I met my first girlfriend at the beach
I know it sounds kind of sketchy,
but there was nothing more pure, to me,
than watching her lay out her towel, just so,
and line up her sandals, just so,
and hang her bag on the back of her chair
and put on her suntan lotion

She took down the straps of her swimsuit,
right, so she wouldn’t get a tan line,
and in that moment
heaven was a collarbone and
freckled shoulders and
sun glinting off the dip at the base of her throat

Mind you, there I was,
planted in the middle of the beach like some demented Frisbee,
dressed in some frumpy-ass bathing suit,
staring at this girl I don’t even know —

but the middle of the beach
isn’t really a great place
to have a quarter-life crisis,
so when some kid’s volleyball smacks me in the ear,
I guess I was asking for it
It didn’t hurt, really,
but guess who jumped up to help this damsel in distress?
My knight in a yellow two-piece

So, one ice pack and two Jim Dandys later,
we were laughing and flirting,
and my salty hair seemed way less important
than her smile, and her soft hands,
and the phone number she scribbled, in eyeliner, on my napkin

I’ve never had a better summer
She reminded me why I used to love summertime so much —
back when June meant freedom
and August was like some last-ditch effort
to do something worth talking about back at school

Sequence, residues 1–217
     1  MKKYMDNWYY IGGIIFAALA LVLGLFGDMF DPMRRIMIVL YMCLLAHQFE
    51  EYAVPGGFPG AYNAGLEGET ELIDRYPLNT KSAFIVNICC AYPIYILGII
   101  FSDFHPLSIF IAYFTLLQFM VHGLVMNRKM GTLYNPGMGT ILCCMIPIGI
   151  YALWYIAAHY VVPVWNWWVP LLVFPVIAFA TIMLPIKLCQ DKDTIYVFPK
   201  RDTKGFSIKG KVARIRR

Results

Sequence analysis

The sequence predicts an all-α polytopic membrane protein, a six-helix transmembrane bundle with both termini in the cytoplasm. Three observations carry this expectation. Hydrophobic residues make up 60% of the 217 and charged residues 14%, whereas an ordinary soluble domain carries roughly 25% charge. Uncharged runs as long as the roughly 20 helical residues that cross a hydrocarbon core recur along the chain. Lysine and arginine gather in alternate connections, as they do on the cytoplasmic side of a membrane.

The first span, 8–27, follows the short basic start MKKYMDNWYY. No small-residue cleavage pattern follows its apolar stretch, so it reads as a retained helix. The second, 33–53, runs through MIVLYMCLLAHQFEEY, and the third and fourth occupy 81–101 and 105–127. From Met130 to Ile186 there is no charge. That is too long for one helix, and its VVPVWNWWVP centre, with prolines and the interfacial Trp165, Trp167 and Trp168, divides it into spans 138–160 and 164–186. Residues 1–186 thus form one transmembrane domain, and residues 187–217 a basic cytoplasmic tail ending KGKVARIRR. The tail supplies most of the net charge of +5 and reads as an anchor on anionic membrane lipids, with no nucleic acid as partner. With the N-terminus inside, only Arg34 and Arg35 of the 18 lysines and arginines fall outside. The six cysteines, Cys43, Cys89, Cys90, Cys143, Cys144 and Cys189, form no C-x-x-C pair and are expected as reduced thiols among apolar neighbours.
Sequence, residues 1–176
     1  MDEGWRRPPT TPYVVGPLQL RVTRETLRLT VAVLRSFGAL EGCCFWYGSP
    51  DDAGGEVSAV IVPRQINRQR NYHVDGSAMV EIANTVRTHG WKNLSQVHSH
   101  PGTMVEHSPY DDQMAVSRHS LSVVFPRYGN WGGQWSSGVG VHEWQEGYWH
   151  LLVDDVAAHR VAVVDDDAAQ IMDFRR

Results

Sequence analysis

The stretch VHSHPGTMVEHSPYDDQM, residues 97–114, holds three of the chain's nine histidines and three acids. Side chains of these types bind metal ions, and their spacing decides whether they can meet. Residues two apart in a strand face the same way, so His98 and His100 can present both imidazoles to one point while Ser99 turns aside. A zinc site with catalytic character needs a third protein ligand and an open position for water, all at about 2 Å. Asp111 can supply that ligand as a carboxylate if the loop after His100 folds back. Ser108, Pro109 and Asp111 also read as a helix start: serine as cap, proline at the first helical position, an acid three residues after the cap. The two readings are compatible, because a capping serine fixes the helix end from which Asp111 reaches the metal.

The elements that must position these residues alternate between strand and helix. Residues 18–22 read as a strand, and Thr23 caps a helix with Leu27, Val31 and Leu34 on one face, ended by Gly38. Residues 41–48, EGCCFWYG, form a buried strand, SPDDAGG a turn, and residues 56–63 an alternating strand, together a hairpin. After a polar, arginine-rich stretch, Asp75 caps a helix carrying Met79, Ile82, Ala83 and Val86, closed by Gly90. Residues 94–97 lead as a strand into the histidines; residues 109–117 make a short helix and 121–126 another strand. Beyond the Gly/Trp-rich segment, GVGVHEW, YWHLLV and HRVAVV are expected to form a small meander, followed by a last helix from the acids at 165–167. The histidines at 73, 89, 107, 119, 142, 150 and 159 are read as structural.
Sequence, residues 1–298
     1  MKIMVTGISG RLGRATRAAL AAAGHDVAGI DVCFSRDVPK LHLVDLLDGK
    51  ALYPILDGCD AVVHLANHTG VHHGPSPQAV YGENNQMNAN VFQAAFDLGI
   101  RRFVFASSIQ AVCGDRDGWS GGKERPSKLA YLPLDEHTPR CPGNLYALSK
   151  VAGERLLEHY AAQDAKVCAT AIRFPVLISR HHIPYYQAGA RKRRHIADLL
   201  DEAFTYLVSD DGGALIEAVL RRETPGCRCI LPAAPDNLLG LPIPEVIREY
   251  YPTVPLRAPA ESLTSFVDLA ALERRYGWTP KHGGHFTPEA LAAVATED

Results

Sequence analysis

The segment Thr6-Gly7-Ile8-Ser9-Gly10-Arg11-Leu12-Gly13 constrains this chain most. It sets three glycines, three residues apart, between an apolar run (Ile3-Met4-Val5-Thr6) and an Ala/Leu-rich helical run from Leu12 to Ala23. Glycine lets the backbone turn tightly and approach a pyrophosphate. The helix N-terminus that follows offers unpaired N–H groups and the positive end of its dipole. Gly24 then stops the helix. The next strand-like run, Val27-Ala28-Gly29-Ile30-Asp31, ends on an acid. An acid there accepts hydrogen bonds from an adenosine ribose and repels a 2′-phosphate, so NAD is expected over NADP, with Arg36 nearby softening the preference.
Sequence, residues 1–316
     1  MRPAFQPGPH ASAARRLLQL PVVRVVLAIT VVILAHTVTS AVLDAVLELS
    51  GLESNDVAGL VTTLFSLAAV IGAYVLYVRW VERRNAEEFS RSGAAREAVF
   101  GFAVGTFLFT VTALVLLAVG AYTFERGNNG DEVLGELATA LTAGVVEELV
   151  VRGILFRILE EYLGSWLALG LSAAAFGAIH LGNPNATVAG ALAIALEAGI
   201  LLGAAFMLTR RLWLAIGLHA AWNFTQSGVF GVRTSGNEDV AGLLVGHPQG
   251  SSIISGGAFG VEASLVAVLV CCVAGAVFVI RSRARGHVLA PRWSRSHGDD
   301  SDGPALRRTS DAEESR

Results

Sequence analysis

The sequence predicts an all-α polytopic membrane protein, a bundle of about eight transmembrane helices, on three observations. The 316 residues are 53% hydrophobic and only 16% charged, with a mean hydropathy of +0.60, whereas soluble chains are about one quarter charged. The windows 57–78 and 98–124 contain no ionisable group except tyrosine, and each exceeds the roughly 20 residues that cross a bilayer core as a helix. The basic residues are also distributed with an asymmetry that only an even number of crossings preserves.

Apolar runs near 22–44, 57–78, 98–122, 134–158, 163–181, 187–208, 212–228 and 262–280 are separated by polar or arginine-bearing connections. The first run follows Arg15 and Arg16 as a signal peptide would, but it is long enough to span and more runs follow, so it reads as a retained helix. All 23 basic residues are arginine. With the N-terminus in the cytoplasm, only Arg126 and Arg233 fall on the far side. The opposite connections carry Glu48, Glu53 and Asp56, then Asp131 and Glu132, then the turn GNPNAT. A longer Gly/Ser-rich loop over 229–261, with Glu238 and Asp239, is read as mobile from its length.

Her kind of summer was, like, church-pure:

One that meant going barefoot on a brick patio,
looking like a million bucks in a new swimsuit
with a color-coordinated Popsicle

Or one that meant learning
how to pop wheelies from your older brothers
to impress that cute kid down the block

She preached the sort of summer where
hose-water was magic
and your neighbor’s lawn sprinkler
was better than the water park
and “borrowing” your cousin’s Green Day album
was the most daring thing you’d ever done

I don’t even know why it all felt so nostalgic —
my childhood summers definitely didn’t include
swigging rum out of a water bottle
and getting acquainted with the bed of her pickup truck

But that’s just how it felt,
so it was a tragic double-blow when her ultimatum
came with the first tinges of red on the treetops

It wasn’t really either of our faults —
different lives, different friends,
and fall semester hanging over our heads
like some fifteen-credit guillotine

And, for summer love, I guess it was nice
She was, you know, awesome, in more ways than one —
and even to this day, I miss her, a little
Whenever I see a lawn sprinkler, or
hear the ice cream man, or
watch kids ride bikes down the street —

I find my mind drifting
back to a summer of
first love and Jim Dandys,
and the girl who made it all possible

Author’s Note:

This poem began as an ode to summer, but grew beyond those confines to a larger statement about growing up and about love. Though fictional, a lot of the images here remind me of my own childhood summers, or perhaps of imagined, nostalgic pasts.

I first performed this piece at the 818 show in Albany, New York in the summer of 2010. It went over well, and I enjoyed the energy and pace of the poem.


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